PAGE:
Andrew B. Hammond (1848-1934)Andrew B. Hammond (1848-1934)Andrew B. Hammond (1848-1934), son a of a lumberman, was born in St. Leonards, New Brunswick.  Like many other young men of the time, he eventually moved west.  About 1870 Hammond found himself in Missoula, where he obtained a job in a general store, and by 1871 he was working as a salesman for Bonner and Company’s store.  By 1877, he became a partner with Richard Eddy and Edward Bonner, in the business which was now called Eddy, Hammond and Company.  This eventually became the Missoula Mercantile with Hammond as general manager.

Dale Johnson, retired archivist for the University of Montana, wrote his dissertation on Hammond. According to Johnson, by the 1880s, Hammond owned or otherwise controlled the following:

  • Missoula Mercantile (Montana's largest wholesale and retail store)
  • Big Blackfoot Milling Co. (the largest mill between Wisconsin and the West Coast)
  • Flour mill at Bonner
  • Grain elevators in western Montana
  • Missoula Real Estate Association (including Florence Hotel, the Hammond Block, and many other downtown blocks)
  • First National Bank (western Montana's largest bank)
  • South Missoula Land Company (owned residential areas south of the Clark Fork River)
  • Missoula Water Works and Milling Company (all water and electricity)
  • Missoula Street Railway Company (horse drawn)
  • Missoula Publishing Company (Missoulian)
  • Missoula Valley Improvement Company (owned the cemetery)

In addition, the partnership created by the formation of the Montana Improvement Company in 1882 took advantage of the huge profits to be made in timber.  After obtaining an initial contract from the railroad in 1881, the company built several sawmills around Missoula to supply lumber for ties and timbers for the trestles (Marent Trestle) and tunnels.  The three original partners, Eddy, Hammond, and Bonner now joined with M. J. Connell, Marcus Daly, and Washington Dunn of Northern Pacific.  With capital of $2 million, over half of which came from Northern Pacific, the corporation was authorized to do business in Montana, Idaho, and Washington.  Hammond, became the force behind the group, and took charge of building of the new Blackfoot Mill at Bonner.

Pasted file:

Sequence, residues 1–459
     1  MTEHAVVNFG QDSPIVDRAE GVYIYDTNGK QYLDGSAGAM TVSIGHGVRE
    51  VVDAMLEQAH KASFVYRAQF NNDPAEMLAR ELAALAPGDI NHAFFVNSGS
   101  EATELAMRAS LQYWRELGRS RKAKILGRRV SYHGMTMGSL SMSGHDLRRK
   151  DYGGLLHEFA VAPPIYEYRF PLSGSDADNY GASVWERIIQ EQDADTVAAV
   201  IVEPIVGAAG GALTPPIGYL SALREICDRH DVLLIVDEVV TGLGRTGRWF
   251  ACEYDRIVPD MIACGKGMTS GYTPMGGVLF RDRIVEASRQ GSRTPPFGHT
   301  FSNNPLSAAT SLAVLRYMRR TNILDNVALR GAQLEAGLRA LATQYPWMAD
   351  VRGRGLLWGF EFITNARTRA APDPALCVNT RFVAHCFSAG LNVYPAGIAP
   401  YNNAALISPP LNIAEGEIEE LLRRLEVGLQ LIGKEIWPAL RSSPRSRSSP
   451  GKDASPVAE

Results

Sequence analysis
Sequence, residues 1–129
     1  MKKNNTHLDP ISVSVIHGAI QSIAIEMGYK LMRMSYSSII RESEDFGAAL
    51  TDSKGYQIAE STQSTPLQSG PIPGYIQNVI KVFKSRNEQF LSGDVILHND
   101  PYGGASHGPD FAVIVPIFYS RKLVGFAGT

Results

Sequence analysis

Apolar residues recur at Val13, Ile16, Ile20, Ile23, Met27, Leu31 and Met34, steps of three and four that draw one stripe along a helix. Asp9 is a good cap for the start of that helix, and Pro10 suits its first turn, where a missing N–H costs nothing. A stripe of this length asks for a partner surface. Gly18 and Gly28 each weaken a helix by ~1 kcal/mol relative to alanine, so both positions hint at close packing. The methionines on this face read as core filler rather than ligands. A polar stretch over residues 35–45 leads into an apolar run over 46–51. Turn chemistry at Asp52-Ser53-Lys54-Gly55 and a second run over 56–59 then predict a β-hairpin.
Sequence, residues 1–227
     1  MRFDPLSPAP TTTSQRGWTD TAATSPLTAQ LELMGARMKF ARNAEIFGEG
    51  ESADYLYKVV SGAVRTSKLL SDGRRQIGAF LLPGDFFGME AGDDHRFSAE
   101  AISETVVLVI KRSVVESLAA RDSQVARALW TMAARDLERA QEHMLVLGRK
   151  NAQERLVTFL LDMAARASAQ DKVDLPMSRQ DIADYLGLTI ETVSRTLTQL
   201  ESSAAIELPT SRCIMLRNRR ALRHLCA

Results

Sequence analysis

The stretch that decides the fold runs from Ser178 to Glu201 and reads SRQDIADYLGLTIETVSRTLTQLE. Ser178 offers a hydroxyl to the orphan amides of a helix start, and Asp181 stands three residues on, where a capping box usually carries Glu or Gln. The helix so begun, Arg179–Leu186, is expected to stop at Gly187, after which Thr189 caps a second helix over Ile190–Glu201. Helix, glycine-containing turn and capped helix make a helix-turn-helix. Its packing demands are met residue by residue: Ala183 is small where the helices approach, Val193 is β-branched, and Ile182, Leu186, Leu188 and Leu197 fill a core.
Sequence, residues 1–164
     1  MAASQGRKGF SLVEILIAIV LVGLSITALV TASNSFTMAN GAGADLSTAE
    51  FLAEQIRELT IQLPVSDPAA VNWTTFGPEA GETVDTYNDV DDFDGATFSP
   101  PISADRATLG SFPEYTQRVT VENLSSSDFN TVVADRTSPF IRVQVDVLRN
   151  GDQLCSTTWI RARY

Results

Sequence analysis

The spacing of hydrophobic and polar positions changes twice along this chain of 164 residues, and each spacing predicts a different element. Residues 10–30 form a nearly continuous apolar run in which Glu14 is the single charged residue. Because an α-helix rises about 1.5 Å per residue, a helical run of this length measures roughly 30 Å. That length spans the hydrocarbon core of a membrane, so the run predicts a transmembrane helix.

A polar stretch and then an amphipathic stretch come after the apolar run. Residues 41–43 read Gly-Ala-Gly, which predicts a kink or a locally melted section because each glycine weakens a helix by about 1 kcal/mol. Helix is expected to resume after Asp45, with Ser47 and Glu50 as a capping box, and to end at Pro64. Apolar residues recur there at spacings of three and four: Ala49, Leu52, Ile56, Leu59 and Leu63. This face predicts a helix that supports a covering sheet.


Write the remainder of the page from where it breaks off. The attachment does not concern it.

Hammond is perhaps better remembered today on the west coast, where he moved in the 1890s after divesting himself of his Missoula holdings.  On the coast he amassed huge lumber holdings and created the Hammond Lumber Company as well as several railroad lines.  He died in California in 1934.

According to Missoula historian Lenora Koelbel, after Hammond left Missoula Hammond Avenue was renamed as Gerald Avenue (after one of C.P. Higgins children) because of the rift between C. P. Higgins and Hammond.  However, the Hammond Arcade, a one-story rebuilding of Hammond’s huge, four-story office building that burned in 1932, still retains his name.

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